Once upon a time, it wasn’t unusual for workers to stay with one employer for their entire career.
In those days, it made sense for the employer to invest in the professional development of its employees. This investment built loyalty and prepared new employees for future leadership roles. It also strengthened recruitment efforts with the promise of new skills and higher job satisfaction, which in turn gave organizations access to the “best and brightest” talent.
But as we head into 2019, the idea of a worker remaining loyal to a single employer seems… quaint. We can’t blame companies if they aren’t sure whether they should invest in early career development programs. After all, why spend the resources if program participants are simply going to take their newfound skills elsewhere?
Leading companies build leadership or technical development programs that will justify the expense and risk. They need to know their program will deliver the ROI that makes it all worthwhile.
Success Starts With Goals
A McKinsey leadership-development survey revealed that barely one-tenth of all executives believe their leadership development initiatives deliver the results they sought.
We suspect this may be because those results weren’t clearly articulated from the beginning.
RJ Wronski Associates is a Boston-based talent development organization that has worked for 25 years to help companies clearly articulate the end-goals of their programs. They partner with companies that have a “learning mindset,” according to Stephan Wronski, who helms the company.
“Learning isn’t an afterthought for these organizations; it becomes a way of life. You’ll find that everyone from the top executives on down share that commitment,” Wronski says.
Too many companies fail to translate their guiding strategy into a training program specific to their needs. A company’s size, culture, business goals and a myriad of other factors will shape their approach. The best early career development programs should meet the highest-priority needs of the business.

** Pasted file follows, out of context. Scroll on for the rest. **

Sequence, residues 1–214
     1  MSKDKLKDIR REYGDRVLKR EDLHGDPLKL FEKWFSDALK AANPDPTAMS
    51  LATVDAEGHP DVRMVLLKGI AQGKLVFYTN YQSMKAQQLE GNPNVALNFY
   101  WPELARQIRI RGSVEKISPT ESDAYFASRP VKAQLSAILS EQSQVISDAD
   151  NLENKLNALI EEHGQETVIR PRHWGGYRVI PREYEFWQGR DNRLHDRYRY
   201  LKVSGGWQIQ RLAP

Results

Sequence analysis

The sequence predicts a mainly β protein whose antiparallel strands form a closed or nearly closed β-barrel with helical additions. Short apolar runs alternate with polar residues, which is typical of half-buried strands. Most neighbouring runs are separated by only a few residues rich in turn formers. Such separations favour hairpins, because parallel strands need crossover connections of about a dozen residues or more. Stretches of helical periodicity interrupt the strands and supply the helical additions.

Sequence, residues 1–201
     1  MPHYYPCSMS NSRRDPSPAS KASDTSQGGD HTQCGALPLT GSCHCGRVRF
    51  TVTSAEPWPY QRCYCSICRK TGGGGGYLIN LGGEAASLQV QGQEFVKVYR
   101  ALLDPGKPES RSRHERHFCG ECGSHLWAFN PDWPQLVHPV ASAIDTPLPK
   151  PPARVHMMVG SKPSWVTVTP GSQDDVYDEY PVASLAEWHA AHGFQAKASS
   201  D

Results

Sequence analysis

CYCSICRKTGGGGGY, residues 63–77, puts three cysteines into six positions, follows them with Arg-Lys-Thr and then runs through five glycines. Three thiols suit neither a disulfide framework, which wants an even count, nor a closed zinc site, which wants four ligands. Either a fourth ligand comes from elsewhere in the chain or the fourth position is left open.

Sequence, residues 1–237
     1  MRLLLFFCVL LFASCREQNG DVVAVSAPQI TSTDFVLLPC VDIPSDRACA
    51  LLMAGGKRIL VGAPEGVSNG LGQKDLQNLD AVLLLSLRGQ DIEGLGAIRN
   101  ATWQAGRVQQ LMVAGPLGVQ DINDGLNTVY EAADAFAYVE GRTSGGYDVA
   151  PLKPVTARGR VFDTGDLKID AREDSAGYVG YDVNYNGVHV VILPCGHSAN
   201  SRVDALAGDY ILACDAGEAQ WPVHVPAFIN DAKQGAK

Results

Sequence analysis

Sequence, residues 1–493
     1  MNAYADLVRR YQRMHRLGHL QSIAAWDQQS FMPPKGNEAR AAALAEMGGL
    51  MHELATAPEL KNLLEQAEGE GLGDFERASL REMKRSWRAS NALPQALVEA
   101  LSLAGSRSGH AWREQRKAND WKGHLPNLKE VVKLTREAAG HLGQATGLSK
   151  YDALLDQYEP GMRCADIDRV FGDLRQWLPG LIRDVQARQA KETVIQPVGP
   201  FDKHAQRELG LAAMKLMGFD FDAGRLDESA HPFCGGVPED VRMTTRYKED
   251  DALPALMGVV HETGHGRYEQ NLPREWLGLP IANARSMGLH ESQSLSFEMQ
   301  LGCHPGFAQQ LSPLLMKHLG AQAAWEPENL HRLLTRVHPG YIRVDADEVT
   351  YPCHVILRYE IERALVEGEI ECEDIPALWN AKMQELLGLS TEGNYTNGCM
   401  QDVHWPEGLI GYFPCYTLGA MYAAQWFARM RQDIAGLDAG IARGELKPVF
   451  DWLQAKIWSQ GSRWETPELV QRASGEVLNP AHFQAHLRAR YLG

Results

“If this program is considered successful, what will change? What objective will be met? If you don’t know those answers going in, then you’ll have a difficult time measuring if it’s successful or not,” Wronski says.
For some, the goal may be to create a cohesive culture change in the wake of an organizational shakeup. For others, the goal may be to create a more diverse workforce. Retaining employees or preparing to fill the leadership roles of tomorrow are other common targets. Ultimately, the direction your program takes – and your ROI yardstick – will depend on your core business goals.
Monitoring Outcomes to Measure ROI
The investment required to build a leadership development program is substantial. Therefore, measuring the short-term and long-term impact of your program is key.. Short-term outcomes might include enhancing participants’ technical and leadership skills or their satisfaction with the initial phase of the program. Long-term outcomes might include making a positive impact on recruiting and retention. Naturally, it takes time to gauge the acceptance rate of job offers and promotions; that’s why these long-term outcomes can take five years or more to fully appreciate.
“We can help our clients perform an ROI comparison,” Wronski says. “Say there is a two-year IT training program, and its graduates are supposed to be able to come out of this program and take on roles as team leaders or project managers.